When Iowa lawmakers kick off their legislative session on Monday, Jan. 13, they won’t be the first to have filled their seats this year.

A group of 100 Iowans from across the state met last weekend for the biannual REAP Congress, at which regional representatives develop their recommendation to the Legislature and governor regarding the Resource Enhancement and Protection program.

REAP is funded out of the Environment First Fund, which is filled by state gambling receipts and invests in hundreds of projects each year statewide.

The state is broken into regions. Clinton, Delaware, Dubuque, Jones and Jackson counties make up Region 8. Residents of each region gathered in November to elect their delegates.

Dubuque County residents elected Jared McGovern, curator of conservation programs at National Mississippi River Museum & Aquarium in Dubuque.

“What I carried into this was more or less what was talked about there (at the assembly),” he said. “I did a ton of more research into it, but the recommendations I was speaking on were what Region 8 put forward.”

Those priorities lined up with those of most of the other representatives at REAP Congress. Not surprisingly, the consensus was strong support of the program.

“The only negative was we’re not doing enough,” he said. “The people in that room don’t have different feelings when it comes to public lands. The people in that room love REAP and have only seen the benefits. Many have benefited from REAP and their work, whether they are working for the county conservation board network, city representatives, historical development, myself working at the museum and aquarium.”

REAP sunsets in 2021, so lawmakers could extend the program, roll it into another funding stream or let it die.

The REAP Congress’ recommendations including funding the program at a minimum of $20 million annually, removing the sunset date and funding the Iowa Natural Resources and Outdoor Recreation Trust Fund.

Iowa Rep. Chuck Isenhart, D-Dubuque, said he hopes that this year the group won’t stop with just that meeting.

“My question would be, is there going to be any organization moving forward?” he asked. “Is someone from the congress going to come to the Legislature and get in some faces? Are they going to fight for it? It’s going to take the people coming up here.”

Ernst, Duckworth tackle sexual misconduct in Coast Guard

Two area U.S. senators with military backgrounds have introduced a bipartisan bill to address sexual assault and retaliation in the U.S. Coast Guard.

Tammy Duckworth, D-Ill., and Joni Ernst, R-Iowa — veterans both — responded to reports of increased sexual assault and harassment claims at the Coast Guard Academy and what a press release called “a lack of leadership in regards to the Coast Guard’s handling of harassment, discrimination and retaliation.”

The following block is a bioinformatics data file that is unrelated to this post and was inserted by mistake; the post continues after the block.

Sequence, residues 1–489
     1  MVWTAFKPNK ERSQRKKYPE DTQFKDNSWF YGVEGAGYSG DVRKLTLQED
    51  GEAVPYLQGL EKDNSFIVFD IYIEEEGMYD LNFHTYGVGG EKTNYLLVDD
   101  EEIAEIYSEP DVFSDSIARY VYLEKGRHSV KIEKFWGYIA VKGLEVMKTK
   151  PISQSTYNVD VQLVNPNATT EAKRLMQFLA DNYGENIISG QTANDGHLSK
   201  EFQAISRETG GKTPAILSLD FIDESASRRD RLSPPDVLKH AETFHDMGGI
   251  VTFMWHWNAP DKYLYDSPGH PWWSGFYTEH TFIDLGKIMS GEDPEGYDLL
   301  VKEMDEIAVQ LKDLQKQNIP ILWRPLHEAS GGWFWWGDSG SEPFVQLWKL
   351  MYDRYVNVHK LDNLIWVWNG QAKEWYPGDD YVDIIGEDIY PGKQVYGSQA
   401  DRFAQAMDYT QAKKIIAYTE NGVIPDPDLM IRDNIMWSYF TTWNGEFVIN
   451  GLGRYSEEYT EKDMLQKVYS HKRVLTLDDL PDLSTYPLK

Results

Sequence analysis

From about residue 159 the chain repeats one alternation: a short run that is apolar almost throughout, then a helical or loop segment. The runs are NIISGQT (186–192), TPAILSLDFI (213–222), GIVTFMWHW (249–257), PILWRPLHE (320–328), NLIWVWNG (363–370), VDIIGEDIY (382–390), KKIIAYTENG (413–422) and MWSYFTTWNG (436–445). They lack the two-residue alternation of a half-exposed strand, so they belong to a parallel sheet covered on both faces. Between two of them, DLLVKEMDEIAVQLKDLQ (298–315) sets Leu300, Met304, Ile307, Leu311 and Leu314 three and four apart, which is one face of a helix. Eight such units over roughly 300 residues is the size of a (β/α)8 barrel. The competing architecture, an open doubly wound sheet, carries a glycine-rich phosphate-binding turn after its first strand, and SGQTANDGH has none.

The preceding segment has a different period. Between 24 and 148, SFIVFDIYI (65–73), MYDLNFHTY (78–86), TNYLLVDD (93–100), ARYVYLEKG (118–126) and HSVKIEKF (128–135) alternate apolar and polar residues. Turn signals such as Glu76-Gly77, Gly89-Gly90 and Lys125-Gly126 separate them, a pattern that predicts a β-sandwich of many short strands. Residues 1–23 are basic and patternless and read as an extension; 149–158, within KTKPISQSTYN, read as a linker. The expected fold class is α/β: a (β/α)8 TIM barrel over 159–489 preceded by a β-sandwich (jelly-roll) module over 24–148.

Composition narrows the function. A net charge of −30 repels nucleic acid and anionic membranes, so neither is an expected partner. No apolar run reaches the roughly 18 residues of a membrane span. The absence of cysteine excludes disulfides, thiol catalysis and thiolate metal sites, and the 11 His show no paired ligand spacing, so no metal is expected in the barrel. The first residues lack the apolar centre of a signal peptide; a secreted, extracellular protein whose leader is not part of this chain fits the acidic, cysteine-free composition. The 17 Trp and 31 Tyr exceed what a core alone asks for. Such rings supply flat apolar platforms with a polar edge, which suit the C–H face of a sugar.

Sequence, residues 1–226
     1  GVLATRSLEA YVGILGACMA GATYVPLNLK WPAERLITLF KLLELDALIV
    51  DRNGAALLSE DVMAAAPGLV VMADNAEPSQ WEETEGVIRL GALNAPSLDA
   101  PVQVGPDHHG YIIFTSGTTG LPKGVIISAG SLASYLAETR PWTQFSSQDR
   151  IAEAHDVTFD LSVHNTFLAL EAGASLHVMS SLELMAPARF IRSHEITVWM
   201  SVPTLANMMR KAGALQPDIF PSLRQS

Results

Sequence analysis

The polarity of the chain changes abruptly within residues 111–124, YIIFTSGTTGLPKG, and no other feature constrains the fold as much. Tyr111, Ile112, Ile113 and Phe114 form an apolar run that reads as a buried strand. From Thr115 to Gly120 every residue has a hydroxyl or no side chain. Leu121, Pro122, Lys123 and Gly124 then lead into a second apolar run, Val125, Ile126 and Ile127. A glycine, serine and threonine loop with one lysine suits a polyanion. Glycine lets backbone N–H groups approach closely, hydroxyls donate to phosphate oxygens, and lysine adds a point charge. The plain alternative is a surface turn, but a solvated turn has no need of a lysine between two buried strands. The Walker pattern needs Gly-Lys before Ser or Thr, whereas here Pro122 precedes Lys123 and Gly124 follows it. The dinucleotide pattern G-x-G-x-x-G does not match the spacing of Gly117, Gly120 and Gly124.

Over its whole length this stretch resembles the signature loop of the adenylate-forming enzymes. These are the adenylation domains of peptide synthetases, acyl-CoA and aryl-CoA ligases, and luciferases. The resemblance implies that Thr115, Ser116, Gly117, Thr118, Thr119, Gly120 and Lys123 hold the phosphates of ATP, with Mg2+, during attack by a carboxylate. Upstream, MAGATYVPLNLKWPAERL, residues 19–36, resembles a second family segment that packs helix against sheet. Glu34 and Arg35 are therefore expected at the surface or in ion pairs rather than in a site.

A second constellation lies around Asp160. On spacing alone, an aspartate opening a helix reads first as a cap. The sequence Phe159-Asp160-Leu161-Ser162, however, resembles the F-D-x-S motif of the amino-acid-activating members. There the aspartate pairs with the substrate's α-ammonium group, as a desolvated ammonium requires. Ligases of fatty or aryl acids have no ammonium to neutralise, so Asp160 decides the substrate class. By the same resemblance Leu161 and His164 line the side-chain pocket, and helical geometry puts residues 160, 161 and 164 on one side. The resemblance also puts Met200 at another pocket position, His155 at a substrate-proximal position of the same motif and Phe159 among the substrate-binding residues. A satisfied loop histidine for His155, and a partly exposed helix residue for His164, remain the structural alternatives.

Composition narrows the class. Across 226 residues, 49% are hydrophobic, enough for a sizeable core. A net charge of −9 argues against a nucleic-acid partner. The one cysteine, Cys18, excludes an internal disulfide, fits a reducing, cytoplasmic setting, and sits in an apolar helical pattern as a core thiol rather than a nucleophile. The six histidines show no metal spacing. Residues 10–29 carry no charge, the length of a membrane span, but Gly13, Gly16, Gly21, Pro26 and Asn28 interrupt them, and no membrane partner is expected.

“The recent reports of sexual misconduct and harassment at the Coast Guard and its academy are alarming and unacceptable,” Ernst said in the release. “We must do better for the Iowans, and all Americans, who choose to serve and protect our country.”

Duckworth added, “For too long, our military has failed to adequately protect women and men from sexual misconduct and assault. As a former commander, I am committed to pushing for meaningful, effective reforms that prevent sexual assault from happening in the first place.”

Finkenauer seeks protection for mobile home residents

U.S. Rep. Abby Finkenauer, D-Iowa, sent a letter last week to Federal Trade Commission Chairman Joseph Simons calling for an investigation into the “predatory and unfair business practices” occurring at Table Mound Mobile Home Park and other mobile and manufactured home parks in Iowa, according to a release.

This follows months of reports from Table Mound residents that out-of-state owners Impact MHC Management LLC bought the parks in Dubuque County, then promptly significantly hiked rent and instituted other rate increases.


The campaign for Democratic presidential candidate Pete Buttigieg announced several area endorsements last week. Among those endorsing him were Marquette Mayor Steve Weipert, Clayton County Democrats Chairman Brian Bruening, Elkader City Council Member Edward Josten and Maquoketa City Council Members Erica Barker and Nathan Woodward.


• 12:30 p.m. today — Former U.S. Secretary of State John Kerry and U.S. Reps. Ami Bera and Lou Correa, both of California, will be featured at a “We Know Joe” event at the Biden for President Dubuque office, 799 Main St., Suite 100, that is part of Joe Biden’s campaign. The former vice president will not be present. Doors open at noon. People interested in attending should RSVP at https://bit.ly/2TfyBh1.

• 10:30 a.m. Saturday, Jan. 18 — Indivisible Dubuque will host its fourth annual Women’s March at Steeple Square, 101 E. 15th St. in Dubuque. A press release states that attendees will include Iowa Sen. Pam Jochum, D-Dubuque, Democratic presidential candidate John Delaney and Democratic candidates for U.S. Senate Kimberly Graham, Theresa Greenfield, Eddie Mauro and Cal Woods. The event also will feature live music, an information table for nonprofits and vendor tables for women-owned businesses.